The Struggles of Pregnancy and Postpartum: Understanding PMADs

The Struggles of Pregnancy and Postpartum: Understanding PMADs

Growing up, many of us were told we would easily become pregnant if we had sexual intercourse one time. Pregnancy would cause us to glow as we ate ice cream and pickles until a full-term pregnancy of a viable baby.  

Labor might have been painted as difficult, or maybe not even described at all. We were also told that latching and breastfeeding were intrinsic and would be the sole nutritional sustenance for our babies until they were old enough to consume solids.  The postpartum days would be filled with happiness and joy as we managed the household, cared for ourselves, and helped a baby thrive. 

While the vision many of us have comes from an extensive history of society telling us this is the pregnancy experience, many people in this stage of life quickly realize it is not their norm.  As a Perinatal Mental Health Counselor and Licensed Clinical Social Worker, the two questions I am frequently asked by clients in the pregnancy planning or perinatal period are, “Is it normal that….” or “What if….” You can fill in the blanks.  

There is nothing that has not come up as a concern.  “Is it normal that we keep having sex but every month I still get my period?” “Is it normal that I have always wanted to have a baby and now that I am pregnant, I hate it?” “What if labor doesn’t go as I want or if I even die?”  

The lack of control, the unknown, hormonal shifts, societal pressures, exhaustion, our desires, and medical obstacles help create many anxious and intrusive thoughts.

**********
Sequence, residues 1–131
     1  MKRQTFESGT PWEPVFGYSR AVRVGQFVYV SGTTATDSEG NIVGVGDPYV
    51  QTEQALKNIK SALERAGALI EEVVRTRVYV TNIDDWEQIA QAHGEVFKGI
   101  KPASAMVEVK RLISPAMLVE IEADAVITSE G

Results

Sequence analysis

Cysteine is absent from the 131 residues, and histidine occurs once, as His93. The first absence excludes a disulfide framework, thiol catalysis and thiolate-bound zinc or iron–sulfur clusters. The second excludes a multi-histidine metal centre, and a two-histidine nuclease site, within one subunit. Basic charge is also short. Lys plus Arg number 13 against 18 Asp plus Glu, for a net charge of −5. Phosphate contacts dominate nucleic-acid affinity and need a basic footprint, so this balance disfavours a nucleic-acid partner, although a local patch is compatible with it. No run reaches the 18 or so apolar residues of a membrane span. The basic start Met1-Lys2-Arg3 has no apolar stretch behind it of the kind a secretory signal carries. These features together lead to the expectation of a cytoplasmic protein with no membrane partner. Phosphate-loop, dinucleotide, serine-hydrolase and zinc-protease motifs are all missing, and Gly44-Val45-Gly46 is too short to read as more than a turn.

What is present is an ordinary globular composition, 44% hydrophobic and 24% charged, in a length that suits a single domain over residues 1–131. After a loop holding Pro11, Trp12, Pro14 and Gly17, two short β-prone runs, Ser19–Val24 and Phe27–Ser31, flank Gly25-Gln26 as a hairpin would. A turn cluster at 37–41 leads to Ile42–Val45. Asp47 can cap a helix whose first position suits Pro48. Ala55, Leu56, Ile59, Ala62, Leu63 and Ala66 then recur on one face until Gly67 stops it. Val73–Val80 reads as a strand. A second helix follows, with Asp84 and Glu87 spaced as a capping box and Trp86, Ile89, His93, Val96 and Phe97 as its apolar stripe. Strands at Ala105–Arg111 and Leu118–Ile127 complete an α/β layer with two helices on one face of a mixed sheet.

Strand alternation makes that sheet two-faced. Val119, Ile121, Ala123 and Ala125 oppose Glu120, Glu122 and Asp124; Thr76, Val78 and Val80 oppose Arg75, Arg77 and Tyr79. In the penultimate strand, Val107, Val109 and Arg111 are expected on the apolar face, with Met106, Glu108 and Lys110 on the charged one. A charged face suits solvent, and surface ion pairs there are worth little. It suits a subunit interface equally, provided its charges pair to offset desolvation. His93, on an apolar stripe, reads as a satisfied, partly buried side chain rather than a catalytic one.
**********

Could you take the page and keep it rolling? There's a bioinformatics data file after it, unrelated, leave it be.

Addressing Common Concerns During Pregnancy

So, what do we do with all these intrusive thoughts?  First, let’s define a few terms. The perinatal period refers to the entire time from conception through the entire first year after delivery. Prenatal means during pregnancy, while postpartum or postnatal is defined as the first year after delivery. The baby blues occur within the first two weeks after birth and are pretty widespread because of hormonal changes and the exhaustion new parents experience. 

When we hear the term, “postpartum” people tend to think of depression. Perinatal depression affects 1 in 5 women and 1 in 10 men.  However, there are a variety of diagnoses that can cause distress for people in the postpartum period. More specifically, Perinatal Mood and Anxiety Disorders (PMADs) now include unipolar depression with peripartum onset, perinatal anxiety, panic disorder, obsessive-compulsive disorder, psychosis, post-traumatic stress disorder, bipolar disorder, and postpartum depression in fathers.  

Intrusive thoughts are those that cause us distress and may linger persistently in our minds. “What if I drop the baby in the bathtub and she drowns?” “What if my baby isn’t sleeping the necessary hours to create optimal brain development?” These thoughts can get “stuck” for many people and often affect the interactions we have with others, our babies, and our own daily functioning.  

Understanding Perinatal Mood and Anxiety Disorders

Perinatal Anxiety includes excessive worries and anxieties during the perinatal period. These thoughts are often difficult to stop. “Is it normal that I worry if I am missing a health concern with my baby so I examine him daily?” Significantly, it is almost universal for some anxious thoughts to occur in people trying to conceive, pregnant, or postpartum. When these thoughts become hard to disregard or cause distress, they often need some sort of intervention.

Perinatal OCD occurs when a pregnant person or postpartum parents have thoughts, urges, or impulses that they do not want. They usually struggle to get rid of these thoughts which causes them anxiety.  People try to stop these thoughts, images, or urges or may do something to ensure they decrease.